Robert Burton Associates, Ltd. v. Eagerton

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432 So. 2d 1267 (1983)



Supreme Court of Alabama.

June 3, 1983.

*1268 James C. Barton, Sydney Lavender, Thomas E. Walker, and Anne P. Wheeler of Johnston, Barton, Proctor, Swedlaw & Naff, Birmingham, and Michael L. Pritzker, Chicago, Ill., for appellants.

Charles A. Graddick, Atty. Gen., and Herbert I. Burson, Jr., Chief Counsel, and John H. Burgess, Asst. Counsel, State Dept. of Revenue, and Asst. Attys. Gen., for appellee.

SHORES, Justice.

Alabama Acts 80-700, codified at Ala. Code 1975, §§ 40-25A-1 through -20, in an effort to impede the "marijuana trade," imposed a privilege tax of $.25 per package on gummed cigarette papers at the wholesale level, which, absent the tax, sold for approximately $.15 per package. Ungummed papers remained untaxed by the Act. Plaintiffs, one manufacturer/distributor and five wholesale distributors of cigarette rolling papers, brought this action, seeking (1) a judgment declaring that the Act is unconstitutional; (2) a permanent injunction against the collection of the tax; and (3) an order requiring the State to refund taxes paid pursuant to the Act. The trial court held the Act was constitutional and denied all other relief sought. Plaintiffs appeal from that judgment.

The plaintiffs contended below and argue here that the tax on gummed cigarette papers violates the Alabama Constitution and the United States Constitution because the Act arbitrarily taxes gummed papers but not ungummed papers and, thus, does not include all like objects which are members of the class. Plaintiffs argued that the classification bears no rational relation to the purpose of the Act and that the Act imposes an oppressive level of taxation on a legitimate and useful private business. On appeal, the appellants contend that because the classification is arbitrary and capricious, it violates the equal protection provisions of the Alabama Constitution, Article I, §§ 1 and 35. We agree.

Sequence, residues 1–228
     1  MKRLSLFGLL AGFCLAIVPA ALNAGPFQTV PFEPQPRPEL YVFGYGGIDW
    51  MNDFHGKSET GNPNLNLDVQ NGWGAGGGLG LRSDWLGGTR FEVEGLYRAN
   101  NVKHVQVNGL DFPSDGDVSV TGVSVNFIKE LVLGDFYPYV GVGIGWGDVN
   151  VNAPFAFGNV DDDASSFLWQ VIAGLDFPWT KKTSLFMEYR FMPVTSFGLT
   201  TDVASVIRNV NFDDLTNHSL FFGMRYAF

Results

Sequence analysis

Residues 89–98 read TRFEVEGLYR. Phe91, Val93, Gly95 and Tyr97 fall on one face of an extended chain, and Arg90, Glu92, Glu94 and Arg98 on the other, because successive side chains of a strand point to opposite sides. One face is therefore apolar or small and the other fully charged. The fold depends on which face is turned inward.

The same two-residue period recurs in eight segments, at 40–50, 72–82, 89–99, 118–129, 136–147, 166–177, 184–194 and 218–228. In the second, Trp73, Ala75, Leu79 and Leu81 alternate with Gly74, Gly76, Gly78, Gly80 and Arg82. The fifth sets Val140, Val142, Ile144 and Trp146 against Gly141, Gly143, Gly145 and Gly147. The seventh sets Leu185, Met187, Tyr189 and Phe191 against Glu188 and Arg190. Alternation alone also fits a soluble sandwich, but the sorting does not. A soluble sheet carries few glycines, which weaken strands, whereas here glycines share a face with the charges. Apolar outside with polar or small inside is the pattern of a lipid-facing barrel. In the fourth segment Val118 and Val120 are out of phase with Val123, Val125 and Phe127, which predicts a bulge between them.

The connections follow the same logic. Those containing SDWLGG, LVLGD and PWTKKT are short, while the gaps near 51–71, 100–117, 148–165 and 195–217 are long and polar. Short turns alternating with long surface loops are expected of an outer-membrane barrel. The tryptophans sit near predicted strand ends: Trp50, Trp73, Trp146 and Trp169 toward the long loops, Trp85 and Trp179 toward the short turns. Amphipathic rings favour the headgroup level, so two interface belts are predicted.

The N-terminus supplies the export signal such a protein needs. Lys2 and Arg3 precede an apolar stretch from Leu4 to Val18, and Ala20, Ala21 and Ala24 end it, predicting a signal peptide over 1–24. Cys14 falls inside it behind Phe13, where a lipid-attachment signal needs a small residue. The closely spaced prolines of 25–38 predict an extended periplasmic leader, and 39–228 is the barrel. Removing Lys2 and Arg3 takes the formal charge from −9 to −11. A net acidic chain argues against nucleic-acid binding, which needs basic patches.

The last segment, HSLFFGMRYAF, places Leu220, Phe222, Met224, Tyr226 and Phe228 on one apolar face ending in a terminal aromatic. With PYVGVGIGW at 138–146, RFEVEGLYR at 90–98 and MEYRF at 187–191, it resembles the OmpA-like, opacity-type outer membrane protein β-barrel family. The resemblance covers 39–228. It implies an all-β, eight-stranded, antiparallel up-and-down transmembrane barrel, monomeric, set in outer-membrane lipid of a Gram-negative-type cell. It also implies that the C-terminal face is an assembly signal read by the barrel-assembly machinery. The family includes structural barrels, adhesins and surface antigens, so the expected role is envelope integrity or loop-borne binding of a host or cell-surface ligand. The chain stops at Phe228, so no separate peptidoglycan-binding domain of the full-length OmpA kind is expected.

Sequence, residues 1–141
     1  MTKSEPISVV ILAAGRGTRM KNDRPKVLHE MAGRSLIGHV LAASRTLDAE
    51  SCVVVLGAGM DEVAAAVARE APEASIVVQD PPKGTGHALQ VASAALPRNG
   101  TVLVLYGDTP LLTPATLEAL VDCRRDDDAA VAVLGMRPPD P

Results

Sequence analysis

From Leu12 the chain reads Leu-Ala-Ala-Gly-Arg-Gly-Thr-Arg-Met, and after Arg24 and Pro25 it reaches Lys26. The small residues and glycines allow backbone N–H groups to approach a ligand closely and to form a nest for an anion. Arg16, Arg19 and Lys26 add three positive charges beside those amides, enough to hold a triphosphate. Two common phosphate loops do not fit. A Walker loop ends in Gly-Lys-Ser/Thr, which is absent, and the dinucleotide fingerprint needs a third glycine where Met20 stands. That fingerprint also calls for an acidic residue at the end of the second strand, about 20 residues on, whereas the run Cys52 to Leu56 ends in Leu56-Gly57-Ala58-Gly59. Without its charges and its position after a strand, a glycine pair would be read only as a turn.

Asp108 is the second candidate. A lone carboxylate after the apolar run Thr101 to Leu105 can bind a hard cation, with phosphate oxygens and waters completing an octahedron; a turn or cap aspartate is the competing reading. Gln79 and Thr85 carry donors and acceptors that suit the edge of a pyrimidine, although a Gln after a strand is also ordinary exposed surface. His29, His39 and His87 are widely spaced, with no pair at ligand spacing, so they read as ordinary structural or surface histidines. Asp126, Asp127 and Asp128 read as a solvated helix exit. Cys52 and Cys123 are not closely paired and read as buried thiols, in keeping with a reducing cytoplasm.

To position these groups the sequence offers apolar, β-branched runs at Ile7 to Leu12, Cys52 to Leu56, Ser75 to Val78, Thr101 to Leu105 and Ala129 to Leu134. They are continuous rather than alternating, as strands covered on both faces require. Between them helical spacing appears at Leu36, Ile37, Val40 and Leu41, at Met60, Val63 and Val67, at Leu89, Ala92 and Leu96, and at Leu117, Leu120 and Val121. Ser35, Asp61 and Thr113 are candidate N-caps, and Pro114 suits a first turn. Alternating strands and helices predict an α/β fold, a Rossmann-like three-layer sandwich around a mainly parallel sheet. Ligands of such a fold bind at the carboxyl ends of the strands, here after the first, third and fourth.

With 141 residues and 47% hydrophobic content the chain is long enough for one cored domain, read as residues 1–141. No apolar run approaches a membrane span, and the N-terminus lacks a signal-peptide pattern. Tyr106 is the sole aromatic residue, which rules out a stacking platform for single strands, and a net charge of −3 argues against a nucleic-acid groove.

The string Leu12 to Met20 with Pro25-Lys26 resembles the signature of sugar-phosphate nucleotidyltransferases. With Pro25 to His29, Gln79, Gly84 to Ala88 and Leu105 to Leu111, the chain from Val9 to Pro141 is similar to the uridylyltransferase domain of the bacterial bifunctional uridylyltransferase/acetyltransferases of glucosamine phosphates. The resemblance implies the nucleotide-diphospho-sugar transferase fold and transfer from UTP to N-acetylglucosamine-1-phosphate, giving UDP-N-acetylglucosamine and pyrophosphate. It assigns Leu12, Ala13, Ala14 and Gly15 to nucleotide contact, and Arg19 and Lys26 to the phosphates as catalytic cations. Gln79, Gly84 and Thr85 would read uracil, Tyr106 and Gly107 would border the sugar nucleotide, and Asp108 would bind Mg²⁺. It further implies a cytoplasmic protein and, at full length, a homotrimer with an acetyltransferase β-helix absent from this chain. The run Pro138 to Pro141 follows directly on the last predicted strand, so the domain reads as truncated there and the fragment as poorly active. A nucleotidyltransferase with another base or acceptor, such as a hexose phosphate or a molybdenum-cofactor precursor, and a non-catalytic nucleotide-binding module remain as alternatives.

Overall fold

The legislature's power to classify for purposes of taxation is broad, and the constitutional restraint on that power is not violated if such classification is reasonable and if it bears a substantial relation to the permissible objective of the legislation. Thorn v. Jefferson County, 375 So. 2d 780 (Ala.1979). The Supreme Court of the United States has expressed the test as follows in Allied Stores of Ohio v. Bowers, 358 U.S. 522, 79 S. Ct. 437, 3 L. Ed. 2d 480 (1959):

"The State must proceed upon a rational basis and may not resort to a classification that is palpably arbitrary. The rule often has been stated to be that the classification `must rest upon some ground of difference having a fair and substantial relation to the object of the legislation.'"

358 U.S. at 527, 79 S. Ct. at 441.

Of course, the burden is on the challenger to show that there exists no set of facts which could reasonably support the distinction and classification made by the legislature. We hold that the appellants have met that burden, and we reverse the trial court's judgment.

Gummed cigarette papers differ from ungummed ones in one minimal particular. *1269 They are functionally interchangeable and virtually identical in appearance. Gummed ones adhere more readily. Is this a "substantial distinction," making one class different from the other? We think not, and, indeed, the legislature initially proposed a tax on all cigarette papers without regard to whether they were gummed or ungummed. It was only after a suggestion by one of the legislators that the proposed tax might place an unfair burden on "an old South Alabama farmer that rolls his own cigarettes" that the bill was changed to apply only to gummed papers.

The taxing of gummed cigarette papers at a substantially higher rate than ungummed papers is an unreasonable classification not based upon a real and substantial distinction and constitutes an unequal treatment proscribed by the Constitution of this State, Article I, §§ 1 and 35.

Having concluded that the legislation violates the equal protection provisions of the Constitution, we need not address other constitutional challenges advanced by the appellants.

The judgment appealed from is reversed and the cause is remanded.


All the Justices concur.